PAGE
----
Archive for August, 2009

Cookbook Winner!

August 16, 2009

Thanks to all who entered my little cookbook giveaway.  It was fascinating reading about people’s favorite book.  There were some I have and adore (Sunday Suppers at Lucques, Tartine), some that I have but don’t use nearly enough (Breads from La Brea Bakery), some that I had never heard of and am intrigued by (Eating Cuban, Hali’imaile General Store), and some you might be surprised to know I don’t have (anything by Mark Bittman, Super Natural Cooking).  In short, I have some shopping to do.  :)

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As you can see, I had a very scientific method for picking the winner – my son Graham picking a number out of a bowl.  Drum roll, please.

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Comment #10 was from Sara at Sprouted Kitchen.  She mentioned Super Natural Cooking which is the cookbook written by Heidi Swanson of 101 Cookbooks fame.  Sara’s blog,is one of the most beautiful blogs out there.  Sara, send me an email (danatreat [at] gmail [dot] com) so I can get your address.

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We had our summer party last night and it was so much fun.  I tried to do as much as possible in advance, but I still felt like I was scrambling for the first hour or so just trying to get all the food out.  I had some terrific helpers who made things so much easier, but I still don’t feel like I got to talk to people as much as I wanted to.  I will share a couple of recipes in the next few days, but right now I need to clean up my kitchen.



Heirloom Tomato Salad with Burrata

August 13, 2009

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Have you ever had burrata cheese?  If you follow food trends, you may know that it’s one of those “it” ingredients these days.  The “it” status is well warranted because it is over the top amazing and it makes this salad, which has so many wonderful things going for it, a masterpiece.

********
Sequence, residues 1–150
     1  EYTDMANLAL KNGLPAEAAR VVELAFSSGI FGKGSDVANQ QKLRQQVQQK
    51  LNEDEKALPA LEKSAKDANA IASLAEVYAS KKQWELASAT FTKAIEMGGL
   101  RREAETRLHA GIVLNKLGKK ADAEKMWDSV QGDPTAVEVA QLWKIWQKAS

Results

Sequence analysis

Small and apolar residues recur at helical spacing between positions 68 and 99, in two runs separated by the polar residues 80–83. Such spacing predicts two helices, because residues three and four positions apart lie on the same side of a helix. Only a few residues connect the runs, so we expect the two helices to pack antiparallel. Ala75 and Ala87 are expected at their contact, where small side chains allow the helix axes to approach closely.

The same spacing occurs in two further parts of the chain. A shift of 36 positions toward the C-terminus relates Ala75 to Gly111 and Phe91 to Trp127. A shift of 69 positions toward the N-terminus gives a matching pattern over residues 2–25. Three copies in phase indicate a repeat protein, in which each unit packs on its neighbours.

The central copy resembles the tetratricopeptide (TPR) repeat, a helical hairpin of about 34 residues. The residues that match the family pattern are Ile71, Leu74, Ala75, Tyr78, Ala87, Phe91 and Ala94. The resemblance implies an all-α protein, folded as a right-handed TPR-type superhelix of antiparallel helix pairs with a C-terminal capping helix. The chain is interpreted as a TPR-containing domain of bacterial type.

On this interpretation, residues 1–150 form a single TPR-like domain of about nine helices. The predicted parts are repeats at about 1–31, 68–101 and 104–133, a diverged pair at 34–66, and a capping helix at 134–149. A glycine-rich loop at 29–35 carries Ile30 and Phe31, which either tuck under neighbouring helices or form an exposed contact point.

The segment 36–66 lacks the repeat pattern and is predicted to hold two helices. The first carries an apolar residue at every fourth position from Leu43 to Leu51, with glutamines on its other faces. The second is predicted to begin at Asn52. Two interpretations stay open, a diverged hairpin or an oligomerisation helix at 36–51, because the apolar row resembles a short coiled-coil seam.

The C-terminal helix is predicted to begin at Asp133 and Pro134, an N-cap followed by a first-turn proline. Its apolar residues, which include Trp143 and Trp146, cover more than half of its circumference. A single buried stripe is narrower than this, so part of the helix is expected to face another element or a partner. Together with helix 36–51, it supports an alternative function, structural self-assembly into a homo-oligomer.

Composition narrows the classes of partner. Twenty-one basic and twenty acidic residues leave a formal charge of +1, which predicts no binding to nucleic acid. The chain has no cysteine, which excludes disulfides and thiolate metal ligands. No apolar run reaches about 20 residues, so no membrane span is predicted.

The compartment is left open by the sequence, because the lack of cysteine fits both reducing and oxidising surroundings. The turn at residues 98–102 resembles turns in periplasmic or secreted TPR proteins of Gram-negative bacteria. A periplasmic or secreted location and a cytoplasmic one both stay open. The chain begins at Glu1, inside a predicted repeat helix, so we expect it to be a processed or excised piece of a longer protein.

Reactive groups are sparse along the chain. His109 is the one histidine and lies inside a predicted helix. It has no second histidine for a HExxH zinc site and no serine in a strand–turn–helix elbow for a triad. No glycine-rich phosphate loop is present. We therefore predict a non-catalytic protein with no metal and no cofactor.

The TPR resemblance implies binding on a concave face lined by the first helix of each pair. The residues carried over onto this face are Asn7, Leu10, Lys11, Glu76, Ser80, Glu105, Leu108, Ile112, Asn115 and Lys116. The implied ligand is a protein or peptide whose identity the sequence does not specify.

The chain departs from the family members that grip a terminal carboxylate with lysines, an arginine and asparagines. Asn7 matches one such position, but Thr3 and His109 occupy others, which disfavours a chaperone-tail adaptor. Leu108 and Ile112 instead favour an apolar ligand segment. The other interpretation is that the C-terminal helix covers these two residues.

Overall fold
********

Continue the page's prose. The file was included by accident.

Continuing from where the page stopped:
Burrata is an Italian invention and it is essentially mozzarella and cream.  Really.  The outer part is pure mozzarella and the inside is a soft mixture of mozzarella and cream.  Or it can just be described as mozzarella times 10.  It can be hard to find (Seattle people can find it at DeLaurenti) and it is expensive ($28/pound) but it really is one of those magical transforming things.

Because it is so rich, you really don’t need much.  I scaled up this recipe and was planning on buying 1 1/2 pounds of it.  When I saw the price, I quickly brought that amount back down to 1/2 pound and supplemented with fresh mozzarella (again for Seattle folks, DeLaurenti makes their own mozzarella on the weekends.)  As I was tucking the cheese in among those gorgeous heirloom tomatoes, I realized that I probably didn’t even need the extra cheese.  The guys, all of whom had never heard of burrata, went totally crazy over this salad – especially the cheese.

Don’t forget – you have a chance to win a copy of The Big Sur Bakery Cookbook by telling me about your favorite cookbook here.

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One Year Ago:  Farro with Green Beans and Corn

Heirloom Tomato Salad with Burrata, Torn Croutons, and Opal Basil
Adapted from Sunday Suppers at Lucques
Serves 6

This is the recipe as written but as I mentioned above, you could use less cheese.  If you are unable to find burrata, I would use fresh ricotta or soft goat cheese rather than mozzarella.  If this recipe seems overly fussy for what is essentially a tomato and bread salad, please proceed and make it.  It’s worth the effort.

1/3 pound country white bread
1/2 cup olive oil
1 tbsp. oregano leaves
1/2 clove garlic
1 1/2 tablespoons red wine vinegar
1 tablespoon balsamic vinegar
1/2 pint cherry tomatoes
3 pounds heirloom tomatoes, assorted sizes, shapes, and colors
1 teaspoon fleur de sel
2 tablespoons sliced opal basil
2 tablespoons sliced green basil
1 pound burrata cheese
1/2 cup thinly sliced shallots
1/4 cup flat-leaf parsley leaves
Kosher salt and freshly ground black pepper

Preheat the oven to 375°F.  Cut the crust off the bread and tear the remaining loaf into rustic 1-inch pieces.  Using your hands, toss the pieces with 2 tablespoons olive oil, squeeze the bread gently to help it absorb the oil.  Toast on a baking sheet 12 to 15 minutes, stirring a few times, until the croutons are golden brown and crispy on the outside but still a little soft and tender inside.